Managerial power theory (Bebchuk & Fried 2004; Bebchuk, Fried & Walker 2002) was established by analysing the relationship between executive compensation and organisational performance following the financial crises of the 21st century. It suggests that executive managers have the power to influence the level and components of their compensation (Schneider 2013). This influence over compensation has resulted in organisational inefficiencies owing to unjustifiably high compensation relative to returns, resulting in an aggravated agency problem.

Proponents of managerial power theory suggest that a psychological contract exists between managers and boards that provides incentives that negatively impact the design of efficient contracts. They assert that the influence of the CEO on the appointment and pay of board members, who in turn are entrusted with the responsibility of overseeing and designing CEO compensation, creates room for the abuse of power (Schneider 2013). This executive influence on corporate resources creates deficiencies in the structural design of executive compensation.

Components of chief executive officer compensation

The structural design of CEO compensation is seen as an important device to reward or punish CEOs for organisational performance. This is achieved through a variable performance-sensitive pay structure or even termination of the contract in the case of poor performance (Bussin & Nel 2015; Graffin, Boivie & Carpenter 2013; Frydman & Saks 2010). South African CEO compensation structure traditionally comprises three main components, namely total guaranteed package, STI pay and LTI pay. These components are illustrated in Figure 1.

FIGURE 1: Components of chief executive officer compensation in South Africa (Bussin 2012).

For the purpose of this study, only the guaranteed package (fixed pay) and STI component of CEO compensation were used. Bussin and Blair (2015) argue that using the expected STI component of CEO compensation instead of the LTI component provides more accurate results of the relationship between CEO compensation and organisation performance. This is because the CEO may choose to defer cashing out their benefits, which would result in the differed reporting of the transaction on the organisation’s financial statement. While this argument is valid, the effect of using STIs is not expected to have significant impact on the overall findings as the results are specific to the products of total CEO compensation. Furthermore, the interpretation of findings takes into account the fact that the relationship between the CEO compensation and shareholder returns is unlikely to be excessively impacted, provided that the specific performance measures are matched with the appropriate compensation component (Nyberg et al. 2010).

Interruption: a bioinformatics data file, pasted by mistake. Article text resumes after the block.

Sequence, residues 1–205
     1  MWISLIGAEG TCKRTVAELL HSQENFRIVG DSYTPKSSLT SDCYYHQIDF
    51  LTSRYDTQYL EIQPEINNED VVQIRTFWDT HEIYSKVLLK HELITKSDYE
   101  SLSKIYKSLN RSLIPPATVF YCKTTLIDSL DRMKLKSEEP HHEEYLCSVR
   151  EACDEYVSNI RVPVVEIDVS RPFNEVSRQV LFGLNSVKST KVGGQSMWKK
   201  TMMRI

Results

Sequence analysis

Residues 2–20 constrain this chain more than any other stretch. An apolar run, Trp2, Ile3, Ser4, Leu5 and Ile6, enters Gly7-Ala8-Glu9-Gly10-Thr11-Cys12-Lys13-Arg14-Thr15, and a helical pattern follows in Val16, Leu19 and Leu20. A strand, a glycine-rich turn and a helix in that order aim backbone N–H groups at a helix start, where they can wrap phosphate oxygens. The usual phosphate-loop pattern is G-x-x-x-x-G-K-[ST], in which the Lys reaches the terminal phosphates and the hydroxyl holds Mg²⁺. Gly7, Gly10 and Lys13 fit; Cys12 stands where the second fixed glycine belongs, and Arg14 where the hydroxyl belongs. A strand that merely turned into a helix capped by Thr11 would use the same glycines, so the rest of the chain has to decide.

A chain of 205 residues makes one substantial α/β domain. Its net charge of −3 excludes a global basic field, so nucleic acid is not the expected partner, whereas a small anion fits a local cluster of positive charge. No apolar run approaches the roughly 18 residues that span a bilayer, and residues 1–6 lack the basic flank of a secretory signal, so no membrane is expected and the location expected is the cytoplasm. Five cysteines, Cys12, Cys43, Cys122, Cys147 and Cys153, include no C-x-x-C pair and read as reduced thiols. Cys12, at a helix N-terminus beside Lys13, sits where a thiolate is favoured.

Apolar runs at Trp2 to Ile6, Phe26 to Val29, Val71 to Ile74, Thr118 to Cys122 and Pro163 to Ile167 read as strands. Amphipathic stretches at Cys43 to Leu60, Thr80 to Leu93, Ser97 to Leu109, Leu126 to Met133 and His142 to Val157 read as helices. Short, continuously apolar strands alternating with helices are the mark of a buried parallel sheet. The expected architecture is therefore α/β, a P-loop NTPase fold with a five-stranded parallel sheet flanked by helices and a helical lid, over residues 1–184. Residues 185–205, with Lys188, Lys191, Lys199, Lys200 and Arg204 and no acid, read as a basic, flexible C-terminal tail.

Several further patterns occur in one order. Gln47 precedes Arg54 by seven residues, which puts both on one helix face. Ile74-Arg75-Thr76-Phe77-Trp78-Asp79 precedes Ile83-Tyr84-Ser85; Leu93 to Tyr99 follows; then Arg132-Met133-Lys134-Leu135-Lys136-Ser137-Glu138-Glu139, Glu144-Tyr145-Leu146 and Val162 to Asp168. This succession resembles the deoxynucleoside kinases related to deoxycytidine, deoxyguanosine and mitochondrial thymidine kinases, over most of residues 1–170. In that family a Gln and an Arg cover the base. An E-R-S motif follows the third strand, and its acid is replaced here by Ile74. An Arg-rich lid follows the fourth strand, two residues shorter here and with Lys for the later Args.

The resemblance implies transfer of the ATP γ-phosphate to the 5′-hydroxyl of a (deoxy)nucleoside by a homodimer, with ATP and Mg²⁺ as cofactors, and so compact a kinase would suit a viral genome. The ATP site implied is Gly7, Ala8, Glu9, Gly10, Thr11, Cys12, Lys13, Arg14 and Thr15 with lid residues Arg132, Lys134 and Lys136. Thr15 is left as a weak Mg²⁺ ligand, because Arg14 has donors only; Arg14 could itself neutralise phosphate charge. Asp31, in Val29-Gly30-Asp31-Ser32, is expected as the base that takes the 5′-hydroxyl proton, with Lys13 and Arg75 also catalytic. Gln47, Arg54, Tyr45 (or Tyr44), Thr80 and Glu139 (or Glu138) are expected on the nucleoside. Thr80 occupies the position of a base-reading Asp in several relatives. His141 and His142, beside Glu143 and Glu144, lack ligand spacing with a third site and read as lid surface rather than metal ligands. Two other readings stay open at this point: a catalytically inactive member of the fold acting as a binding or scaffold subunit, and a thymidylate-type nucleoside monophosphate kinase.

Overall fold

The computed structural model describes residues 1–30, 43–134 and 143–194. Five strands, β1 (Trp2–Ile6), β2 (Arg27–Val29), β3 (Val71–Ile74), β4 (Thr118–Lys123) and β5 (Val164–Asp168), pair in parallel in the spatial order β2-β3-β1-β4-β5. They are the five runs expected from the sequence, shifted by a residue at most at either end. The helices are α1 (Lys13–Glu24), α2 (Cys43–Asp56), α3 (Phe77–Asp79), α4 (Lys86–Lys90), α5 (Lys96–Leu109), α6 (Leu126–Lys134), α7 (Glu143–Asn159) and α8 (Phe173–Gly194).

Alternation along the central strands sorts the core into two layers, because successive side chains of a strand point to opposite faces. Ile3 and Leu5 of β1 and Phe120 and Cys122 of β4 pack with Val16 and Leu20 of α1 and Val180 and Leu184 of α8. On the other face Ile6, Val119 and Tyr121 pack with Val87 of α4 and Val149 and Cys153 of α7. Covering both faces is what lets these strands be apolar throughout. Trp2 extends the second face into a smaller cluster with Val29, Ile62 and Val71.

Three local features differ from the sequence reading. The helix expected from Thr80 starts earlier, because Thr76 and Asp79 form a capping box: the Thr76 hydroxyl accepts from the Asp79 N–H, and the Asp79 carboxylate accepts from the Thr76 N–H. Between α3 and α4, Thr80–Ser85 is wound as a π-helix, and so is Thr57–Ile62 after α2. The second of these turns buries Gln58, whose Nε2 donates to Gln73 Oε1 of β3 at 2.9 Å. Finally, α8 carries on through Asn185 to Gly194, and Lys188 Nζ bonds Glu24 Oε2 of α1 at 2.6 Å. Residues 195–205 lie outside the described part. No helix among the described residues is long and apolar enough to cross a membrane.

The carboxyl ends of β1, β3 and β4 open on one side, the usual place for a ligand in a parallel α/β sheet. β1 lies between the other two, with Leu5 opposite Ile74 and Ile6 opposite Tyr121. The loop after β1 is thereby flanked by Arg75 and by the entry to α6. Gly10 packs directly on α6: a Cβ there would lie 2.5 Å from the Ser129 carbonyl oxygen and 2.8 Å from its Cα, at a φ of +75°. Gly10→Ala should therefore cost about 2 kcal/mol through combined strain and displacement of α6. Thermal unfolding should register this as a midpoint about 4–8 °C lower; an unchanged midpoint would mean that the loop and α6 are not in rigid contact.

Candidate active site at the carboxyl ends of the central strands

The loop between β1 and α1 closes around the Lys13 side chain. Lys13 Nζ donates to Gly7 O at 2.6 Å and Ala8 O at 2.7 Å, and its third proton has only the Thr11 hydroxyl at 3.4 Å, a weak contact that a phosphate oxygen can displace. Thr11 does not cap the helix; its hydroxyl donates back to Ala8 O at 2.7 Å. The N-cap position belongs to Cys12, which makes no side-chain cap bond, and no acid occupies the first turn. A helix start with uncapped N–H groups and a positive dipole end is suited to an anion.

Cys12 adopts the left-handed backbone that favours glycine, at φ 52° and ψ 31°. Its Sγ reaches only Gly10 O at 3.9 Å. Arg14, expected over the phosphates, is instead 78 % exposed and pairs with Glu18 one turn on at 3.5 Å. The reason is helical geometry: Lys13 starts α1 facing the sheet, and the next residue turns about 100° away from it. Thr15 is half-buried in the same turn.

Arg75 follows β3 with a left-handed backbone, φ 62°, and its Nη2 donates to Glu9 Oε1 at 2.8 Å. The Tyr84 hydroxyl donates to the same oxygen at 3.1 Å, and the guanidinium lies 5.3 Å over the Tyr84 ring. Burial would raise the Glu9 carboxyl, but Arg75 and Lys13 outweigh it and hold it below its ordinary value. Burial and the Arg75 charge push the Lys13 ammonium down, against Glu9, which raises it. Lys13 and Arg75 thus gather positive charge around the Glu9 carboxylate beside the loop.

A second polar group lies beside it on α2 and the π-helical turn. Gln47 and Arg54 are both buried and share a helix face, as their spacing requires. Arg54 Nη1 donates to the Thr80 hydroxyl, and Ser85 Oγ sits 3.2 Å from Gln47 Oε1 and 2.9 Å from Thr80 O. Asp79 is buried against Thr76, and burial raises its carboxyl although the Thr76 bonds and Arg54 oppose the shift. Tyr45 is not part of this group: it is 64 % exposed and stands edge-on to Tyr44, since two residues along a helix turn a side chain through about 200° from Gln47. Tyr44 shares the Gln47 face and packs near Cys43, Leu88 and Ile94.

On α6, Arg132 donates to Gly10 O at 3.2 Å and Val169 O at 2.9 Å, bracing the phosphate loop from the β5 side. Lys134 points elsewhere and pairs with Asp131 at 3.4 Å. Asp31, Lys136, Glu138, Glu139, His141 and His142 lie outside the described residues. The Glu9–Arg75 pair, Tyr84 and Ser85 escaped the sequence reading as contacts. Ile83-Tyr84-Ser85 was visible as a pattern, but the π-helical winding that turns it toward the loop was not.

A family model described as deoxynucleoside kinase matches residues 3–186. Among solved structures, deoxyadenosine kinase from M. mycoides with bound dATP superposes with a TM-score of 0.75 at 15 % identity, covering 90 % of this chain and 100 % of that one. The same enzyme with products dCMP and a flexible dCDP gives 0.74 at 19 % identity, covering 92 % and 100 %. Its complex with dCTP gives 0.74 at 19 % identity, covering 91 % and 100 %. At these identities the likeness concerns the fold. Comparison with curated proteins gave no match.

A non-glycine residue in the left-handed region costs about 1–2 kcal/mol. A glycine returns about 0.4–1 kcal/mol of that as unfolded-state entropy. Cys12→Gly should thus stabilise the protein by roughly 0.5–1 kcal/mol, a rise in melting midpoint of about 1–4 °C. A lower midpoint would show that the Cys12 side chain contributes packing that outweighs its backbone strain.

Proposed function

Measures of organisational performance

While it is widely accepted that organisational performance should affect CEO compensation, there is no consistency in the measures of organisational performance that should be selected (Bussin & Blair 2015; Shaw 2011). Previous studies on the relationship between CEO compensation and organisation performance indicate that results are influenced by the type of industry and performance measures analysed (Bussin & Blair 2015; Bussin & Nel 2015). It is suggested that it would be prudent to use shareholder return as a measure of performance because pay for performance aligns the interests of the executives with those of the shareholder in terms of the principal-agent theory (Goergen & Renneboog 2011; Gregg, Jewell & Tonks 2012; Murphy 1985; Ozkan 2011). Bussin and Blair (2015) argue that the overriding principle is to ensure that all key performance measures are studied in order to limit the influence on the research results.

The two main measures of organisation performance used in South Africa are accounting-based and market-based measures (Bussin & Blair 2015). Accounting-based measures comprise financial performance records or ratios used to measure the performance of an organisation. These measures have recently been under the spotlight in South Africa as the Steinhoff Corporate scandal has shown how questionable accounting measures involving off-balance sheet transactions and inflated revenues have led to massive financial losses (Cairns 2017). Market-based performance measures use the equity markets’ performance as a measure of how well the organisation is doing. The financial performance of an organisation can be measured by evaluating its financial statements over a period of time. Higgins (2009) argues that the levers of financial performance are the same for all companies. This makes accurate comparison of the financial performance of companies possible.